The Mets extended infielder Daniel Murphy a one-year, $15.8-million qualifying offer before Friday's 5 p.m. deadline.

Murphy has one week to accept or reject the offer. Since the advent of qualifying offers before the 2013 season, however, no player has accepted one. If he rejects the offer in favor of a multiyear deal from another team, as he's likely to do, the Mets will receive a supplemental-round draft pick. On the open market, he is expected to command a deal in the range of four years and $50 million.

On the off chance Murphy accepts the qualifying offer, the Mets would benefit. They would bring back his productive bat but without the risk of a long-term deal.

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An All-Star in 2013, Murphy, 30, is a .288 hitter in seven big-league seasons. He was chosen in the 13th round of the 2006 draft, making him one of the longest-tenured Mets.

Murphy hit .281 and set a career high with 14 homers in 2015. His .449 slugging percentage -- his highest ever for a full season -- was bolstered by a second-half power surge that resulted from mechanical changes he made to his swing. That power bump showed up in a big way as he homered in an MLB-record six straight playoff games, a binge that only increased his value in free agency.

Murphy has played primarily at second base, where he's limited by his subpar range. He also has played third base and first base, where his range issues are somewhat negated.

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Murphy's versatility is one of his top selling points. American League clubs also have the option of using him as a DH, which would mask his defensive shortcomings altogether.

Prospect Dilson Herrera, 21, is expected to replace Murphy at second base. This week, general manager Sandy Alderson called Herrera a "viable alternative" to man the position.

Herrera made big-league cameos in each of the past two years, hitting .215 in 49 games. He spent the bulk of this season with Triple-A Las Vegas, hitting .327 with 11 homers.

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Herrera was acquired in 2013 in a trade that sent John Buck and Marlon Byrd to the Pirates.

If Herrera is not ready to take over at second, Kelly Johnson could see action there as a bridge. Johnson, 33, is a free agent whom the Mets have interest in retaining. They're attracted by his defensive versatility and lefthanded bat off the bench, one of their needs heading into the offseason.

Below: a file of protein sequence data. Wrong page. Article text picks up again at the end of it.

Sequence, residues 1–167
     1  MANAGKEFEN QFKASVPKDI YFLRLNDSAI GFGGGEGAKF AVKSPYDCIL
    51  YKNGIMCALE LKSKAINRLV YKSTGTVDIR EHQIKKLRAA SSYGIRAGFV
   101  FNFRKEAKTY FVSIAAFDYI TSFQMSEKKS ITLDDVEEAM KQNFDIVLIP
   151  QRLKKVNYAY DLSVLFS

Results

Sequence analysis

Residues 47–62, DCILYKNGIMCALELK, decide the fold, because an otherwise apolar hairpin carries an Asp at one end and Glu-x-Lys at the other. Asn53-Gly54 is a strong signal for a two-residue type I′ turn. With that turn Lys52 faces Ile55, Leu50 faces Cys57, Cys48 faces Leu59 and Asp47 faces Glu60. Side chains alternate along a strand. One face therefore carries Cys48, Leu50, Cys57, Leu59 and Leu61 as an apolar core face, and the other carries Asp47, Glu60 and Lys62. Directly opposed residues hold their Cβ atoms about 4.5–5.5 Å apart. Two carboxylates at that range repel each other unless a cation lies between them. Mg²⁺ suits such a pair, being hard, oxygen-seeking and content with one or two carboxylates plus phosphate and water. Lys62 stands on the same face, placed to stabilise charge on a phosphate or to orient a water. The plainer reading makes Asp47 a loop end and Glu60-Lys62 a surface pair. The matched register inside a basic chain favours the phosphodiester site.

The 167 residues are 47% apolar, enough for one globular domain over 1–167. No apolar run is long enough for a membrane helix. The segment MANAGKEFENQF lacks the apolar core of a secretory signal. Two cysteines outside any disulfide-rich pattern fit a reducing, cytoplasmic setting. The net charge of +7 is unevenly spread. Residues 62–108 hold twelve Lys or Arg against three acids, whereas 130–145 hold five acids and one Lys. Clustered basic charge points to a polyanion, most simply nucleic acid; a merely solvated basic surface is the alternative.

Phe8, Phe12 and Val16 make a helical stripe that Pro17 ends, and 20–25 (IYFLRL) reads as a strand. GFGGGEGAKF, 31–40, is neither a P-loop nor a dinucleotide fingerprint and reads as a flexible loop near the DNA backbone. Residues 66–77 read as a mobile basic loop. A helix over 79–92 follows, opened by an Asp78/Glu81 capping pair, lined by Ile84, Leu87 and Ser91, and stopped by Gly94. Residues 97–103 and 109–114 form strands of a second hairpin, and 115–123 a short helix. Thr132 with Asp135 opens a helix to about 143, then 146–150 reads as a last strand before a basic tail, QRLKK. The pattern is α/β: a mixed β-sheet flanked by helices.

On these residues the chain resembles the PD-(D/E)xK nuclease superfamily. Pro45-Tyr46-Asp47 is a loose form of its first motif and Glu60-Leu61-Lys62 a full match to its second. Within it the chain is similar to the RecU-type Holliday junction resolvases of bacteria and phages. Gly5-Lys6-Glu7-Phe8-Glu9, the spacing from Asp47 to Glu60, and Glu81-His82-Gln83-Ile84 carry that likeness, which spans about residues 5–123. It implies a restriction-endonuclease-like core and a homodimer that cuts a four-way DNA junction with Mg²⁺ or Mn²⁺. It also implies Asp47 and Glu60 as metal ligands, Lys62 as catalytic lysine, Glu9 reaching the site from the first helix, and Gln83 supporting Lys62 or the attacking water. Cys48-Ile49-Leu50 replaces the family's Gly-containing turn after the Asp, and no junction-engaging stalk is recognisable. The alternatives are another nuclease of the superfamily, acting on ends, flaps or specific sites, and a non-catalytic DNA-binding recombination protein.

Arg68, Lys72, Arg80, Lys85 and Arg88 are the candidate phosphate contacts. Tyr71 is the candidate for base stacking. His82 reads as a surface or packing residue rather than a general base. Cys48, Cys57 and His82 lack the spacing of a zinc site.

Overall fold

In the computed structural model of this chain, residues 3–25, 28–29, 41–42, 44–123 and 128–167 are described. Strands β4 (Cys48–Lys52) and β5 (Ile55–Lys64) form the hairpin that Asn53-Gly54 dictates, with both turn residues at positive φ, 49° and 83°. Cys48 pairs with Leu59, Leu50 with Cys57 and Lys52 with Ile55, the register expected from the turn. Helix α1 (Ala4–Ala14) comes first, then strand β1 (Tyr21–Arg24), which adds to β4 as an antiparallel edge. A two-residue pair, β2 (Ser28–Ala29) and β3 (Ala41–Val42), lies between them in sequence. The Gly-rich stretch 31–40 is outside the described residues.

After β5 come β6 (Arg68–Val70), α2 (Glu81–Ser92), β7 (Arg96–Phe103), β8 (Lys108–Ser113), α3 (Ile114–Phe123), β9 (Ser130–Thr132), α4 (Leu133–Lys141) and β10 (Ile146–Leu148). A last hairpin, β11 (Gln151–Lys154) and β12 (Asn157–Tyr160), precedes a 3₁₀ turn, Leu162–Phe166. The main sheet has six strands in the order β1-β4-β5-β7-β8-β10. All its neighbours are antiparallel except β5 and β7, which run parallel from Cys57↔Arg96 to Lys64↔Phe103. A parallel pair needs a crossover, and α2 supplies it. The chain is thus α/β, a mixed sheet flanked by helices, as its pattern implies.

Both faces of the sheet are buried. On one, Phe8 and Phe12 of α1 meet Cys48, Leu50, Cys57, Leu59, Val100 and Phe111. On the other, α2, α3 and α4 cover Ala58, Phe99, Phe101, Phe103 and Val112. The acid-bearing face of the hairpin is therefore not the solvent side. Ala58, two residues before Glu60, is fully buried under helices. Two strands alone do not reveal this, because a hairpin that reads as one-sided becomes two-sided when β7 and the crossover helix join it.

Johnson hit .250 in 49 games with the Mets after his July trade from the Braves. He started at least one game at second, third, first, leftfield, rightfield and shortstop. Like Murphy in 2015, Johnson would function as an insurance policy for third baseman David Wright, who must manage spinal stenosis.

Murphy has been open to an extension all season, even declaring his willingness to discuss a new contract in the middle of the year. But the two sides never talked.

The Mets have little interestin a long-term deal with Murphy, partly because of concerns that age will further erode his already limited range on defense.

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Baseball's free-agency period began at 12:01 a.m. Saturday. Free agents are allowed to negotiate with other teams.

Cuddyer has surgery. Michael Cuddyer had surgery Thursday to repair a core muscle injury, the Mets announced Saturday.

The procedure was performed at Vincera Institute in Philadelphia.

It's unclear how long he has dealt with the injury. He missed time earlier in the season with a knee problem.

Cuddyer endured a forgettable first season with the Mets after signing a two-year, $21-million deal a year ago that cost them a first-round draft pick.

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Cuddyer, 36, hit .259 with 10 home runs and 41 RBIs. He began the season as the starting leftfielder but took a backseat as part of a platoon with prospect Michael Conforto.

Conforto is expected to take on full-time duties in leftfield in 2016, leaving Cuddyer in a bench role. He could be a platoon partner for Lucas Duda at first and could spell Conforto or Curtis Granderson against some lefthanded pitchers.

The Mets also announced that catcher Anthony Recker, infielder Wilfredo Tovar and outfielder Eric Young Jr. have elected free agency.